. . . baby boomers and alienated intellectuals.
"SCRATCH AN INTELLECTUAL, and you find a would-be aristocrat who loathes the sight, the sound and the smell of common folk."
Eric Hoffer, as . . .
. . . quoted by Reuven Brenner in "The 'Longshoreman Philosopher' Saw Trump Coming in 1970," wsj.com, February 26, 2017, source of the text below:
Those words might have been written last year, as an explanation for Donald Trump's rise or a rejoinder to Hillary Clinton's denunciation of "deplorables."
In fact they were published [in The New York Times, no less,] in November 1970 and written by Eric Hoffer, the "longshoreman philosopher," who was best known for his slender 1951 classic, "The True Believer: Thoughts on the Nature of Mass Movements." The 1970 essay, under the headline, "Whose Country is America?," eerily anticipated not only the political events of 2016 but the tone and language of last year's campaign and the anti-Trump hysteria since Election Day.
Hoffer started his analysis with "the conspicuousness of the young" -- that is, the baby boomers. "They have become more flamboyant, more demanding, more violent, more knowledgeable and more experienced," he wrote. "The general impression is that nowadays the young act like the spoiled children of the rich."
He attributed those developments to the "ordeal of affluence," which threatened social stability. Wealth without work "creates a climate of disintegrating values with its fallout of anarchy."
Among the poor this takes the form of street crime; among the affluent, of "insolence on the campus" -- both "sick forms of adolescent self-assertion." As a result, "'men of words' and charismatic leaders -- people who deal in magic -- come into their own," while the middle class, lacking magic, is bungling the job" of maintaining social order.
The "phenomenal increase of the student population" -- enrollment in colleges and universities would more than triple between 1958 and 1978 -- created a critical mass: "For the first time in America, there is a chance that alienated intellectuals, who see our way of life as an instrument of debasement and dehumanization, might shape a new generation in their own image."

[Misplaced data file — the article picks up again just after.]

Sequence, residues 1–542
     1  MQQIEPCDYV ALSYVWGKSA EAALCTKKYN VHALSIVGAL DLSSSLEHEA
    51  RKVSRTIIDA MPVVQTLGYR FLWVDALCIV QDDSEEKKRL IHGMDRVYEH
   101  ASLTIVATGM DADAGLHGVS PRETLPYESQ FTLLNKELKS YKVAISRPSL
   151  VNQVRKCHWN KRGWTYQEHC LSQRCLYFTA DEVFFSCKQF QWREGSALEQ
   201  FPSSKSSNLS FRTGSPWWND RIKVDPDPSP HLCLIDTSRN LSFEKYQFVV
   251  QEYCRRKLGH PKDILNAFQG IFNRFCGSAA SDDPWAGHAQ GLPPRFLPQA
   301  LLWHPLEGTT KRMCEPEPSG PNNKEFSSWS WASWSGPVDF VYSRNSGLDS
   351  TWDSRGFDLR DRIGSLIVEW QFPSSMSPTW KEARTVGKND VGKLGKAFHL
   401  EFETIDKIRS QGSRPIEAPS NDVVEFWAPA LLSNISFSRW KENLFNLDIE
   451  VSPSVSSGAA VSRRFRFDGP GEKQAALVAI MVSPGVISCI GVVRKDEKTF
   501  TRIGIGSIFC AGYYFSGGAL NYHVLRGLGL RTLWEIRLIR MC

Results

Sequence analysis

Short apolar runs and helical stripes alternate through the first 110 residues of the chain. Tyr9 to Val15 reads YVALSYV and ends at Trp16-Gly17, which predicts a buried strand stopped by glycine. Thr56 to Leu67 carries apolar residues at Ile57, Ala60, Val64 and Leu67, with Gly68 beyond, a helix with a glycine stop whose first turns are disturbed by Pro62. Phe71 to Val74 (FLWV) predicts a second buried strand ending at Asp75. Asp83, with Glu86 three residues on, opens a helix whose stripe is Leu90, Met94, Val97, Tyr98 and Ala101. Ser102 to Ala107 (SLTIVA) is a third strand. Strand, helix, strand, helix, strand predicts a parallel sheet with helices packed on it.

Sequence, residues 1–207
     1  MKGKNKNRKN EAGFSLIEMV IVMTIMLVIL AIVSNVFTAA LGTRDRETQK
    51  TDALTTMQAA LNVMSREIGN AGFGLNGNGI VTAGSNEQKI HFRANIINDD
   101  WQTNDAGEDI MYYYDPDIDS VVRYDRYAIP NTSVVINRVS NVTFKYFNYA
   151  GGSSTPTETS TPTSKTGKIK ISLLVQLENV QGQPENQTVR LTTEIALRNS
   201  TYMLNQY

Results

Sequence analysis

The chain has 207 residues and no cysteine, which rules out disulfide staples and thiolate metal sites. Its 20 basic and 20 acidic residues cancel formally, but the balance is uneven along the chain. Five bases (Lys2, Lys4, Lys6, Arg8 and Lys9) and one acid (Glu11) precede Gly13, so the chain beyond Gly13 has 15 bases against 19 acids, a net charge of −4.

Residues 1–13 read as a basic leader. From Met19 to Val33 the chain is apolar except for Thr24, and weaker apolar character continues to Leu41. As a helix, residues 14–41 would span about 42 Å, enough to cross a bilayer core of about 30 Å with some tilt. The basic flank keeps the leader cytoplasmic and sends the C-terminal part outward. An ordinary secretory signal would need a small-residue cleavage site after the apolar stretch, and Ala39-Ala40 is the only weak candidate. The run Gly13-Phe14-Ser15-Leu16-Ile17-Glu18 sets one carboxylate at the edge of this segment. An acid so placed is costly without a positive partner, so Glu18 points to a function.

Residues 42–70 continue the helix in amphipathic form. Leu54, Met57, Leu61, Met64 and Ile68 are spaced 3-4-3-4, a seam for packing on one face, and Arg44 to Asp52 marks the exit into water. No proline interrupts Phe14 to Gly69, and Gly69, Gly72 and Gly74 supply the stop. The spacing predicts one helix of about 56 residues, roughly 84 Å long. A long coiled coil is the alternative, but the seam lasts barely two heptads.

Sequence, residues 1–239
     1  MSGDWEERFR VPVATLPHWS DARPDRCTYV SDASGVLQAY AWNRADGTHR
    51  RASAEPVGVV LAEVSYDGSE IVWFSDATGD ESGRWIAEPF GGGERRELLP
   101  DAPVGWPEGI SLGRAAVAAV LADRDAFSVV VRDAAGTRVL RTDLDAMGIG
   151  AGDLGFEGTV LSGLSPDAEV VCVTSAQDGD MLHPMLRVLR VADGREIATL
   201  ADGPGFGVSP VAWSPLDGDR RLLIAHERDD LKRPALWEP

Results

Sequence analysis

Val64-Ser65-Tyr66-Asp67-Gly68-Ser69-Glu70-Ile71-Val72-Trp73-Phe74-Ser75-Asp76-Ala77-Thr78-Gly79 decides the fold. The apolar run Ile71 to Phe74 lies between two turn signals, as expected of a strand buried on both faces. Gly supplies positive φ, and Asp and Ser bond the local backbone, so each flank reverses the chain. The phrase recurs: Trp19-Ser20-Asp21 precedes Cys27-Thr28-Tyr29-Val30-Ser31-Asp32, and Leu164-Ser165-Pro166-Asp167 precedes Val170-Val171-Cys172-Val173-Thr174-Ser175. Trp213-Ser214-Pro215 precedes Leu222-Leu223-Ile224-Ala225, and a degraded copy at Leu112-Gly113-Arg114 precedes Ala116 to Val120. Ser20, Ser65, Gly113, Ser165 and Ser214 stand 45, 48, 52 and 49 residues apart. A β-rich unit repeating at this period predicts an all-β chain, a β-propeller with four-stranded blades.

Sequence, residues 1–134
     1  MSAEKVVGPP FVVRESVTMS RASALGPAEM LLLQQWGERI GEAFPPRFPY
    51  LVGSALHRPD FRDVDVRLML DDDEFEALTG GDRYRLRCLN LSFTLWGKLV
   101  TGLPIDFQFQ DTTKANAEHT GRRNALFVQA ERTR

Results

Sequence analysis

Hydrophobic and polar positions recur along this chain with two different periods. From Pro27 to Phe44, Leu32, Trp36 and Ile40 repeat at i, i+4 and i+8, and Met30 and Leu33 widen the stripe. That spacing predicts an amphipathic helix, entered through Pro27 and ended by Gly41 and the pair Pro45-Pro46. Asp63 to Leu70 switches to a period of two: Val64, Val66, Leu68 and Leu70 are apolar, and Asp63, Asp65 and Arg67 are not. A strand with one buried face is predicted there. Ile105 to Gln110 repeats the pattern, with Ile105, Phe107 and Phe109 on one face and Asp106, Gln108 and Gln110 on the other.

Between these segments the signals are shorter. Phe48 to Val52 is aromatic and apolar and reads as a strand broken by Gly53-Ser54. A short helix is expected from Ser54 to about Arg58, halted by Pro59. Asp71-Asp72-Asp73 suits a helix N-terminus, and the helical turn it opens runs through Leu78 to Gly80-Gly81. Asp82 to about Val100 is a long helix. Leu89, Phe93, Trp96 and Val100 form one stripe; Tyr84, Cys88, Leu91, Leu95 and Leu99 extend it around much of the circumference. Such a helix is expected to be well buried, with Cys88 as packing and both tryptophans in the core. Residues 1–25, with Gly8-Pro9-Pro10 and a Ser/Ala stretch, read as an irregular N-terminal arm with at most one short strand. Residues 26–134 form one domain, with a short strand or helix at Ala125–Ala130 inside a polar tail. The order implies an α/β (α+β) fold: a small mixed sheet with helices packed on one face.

The problem for society is "that the alienated intellectual does not want to be left along," Hoffer wrote. "He wants to influence affairs, have a hand in making history, and feel important." The country continued to be plagued by problems "like race relations, violence, drugs, etc."
Common people, however, "know that at present money cannot cure crime, poverty, etc., whereas the social doctors go on prescribing an injection of so many billions for every social ailment."
No other historian, political scientist or journalist of the past 60 years has predicted the current moment with such accuracy. Behind Hoffer's analysis is a view of history that dates to ancient Greece . . . . It's a warning that affluence condemns young generations to political decline unless institutional checks and balances, combined with education for civic responsibility, are rigorously preserved.
. . . .
Hoffer concluded, "We must deflate the pretensions of self-appointed elites. These elites will hate us no matter what we do, and it is legitimate for us to help dump them into the dustbin of history." . . .
Deflating the pretensions of self-appointed elites is what Unca D does when he pricks the gassy soap bubbles that drift from the editorial board of The Houston Chronicle.
But it matters little what I write: The editors are perfectly capable of dumping themselves into the dustbin of history.
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How much do would-be aristocrats on the left despise common folk? Ask candidate Clinton about the basket of deplorables.
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Unca D rarely write these days. Or, as today, copies out good stuff that you should read.
Sorry about that. Can't be helped. In the hourly competition for time, family, photography, and Jesus Christ always come first.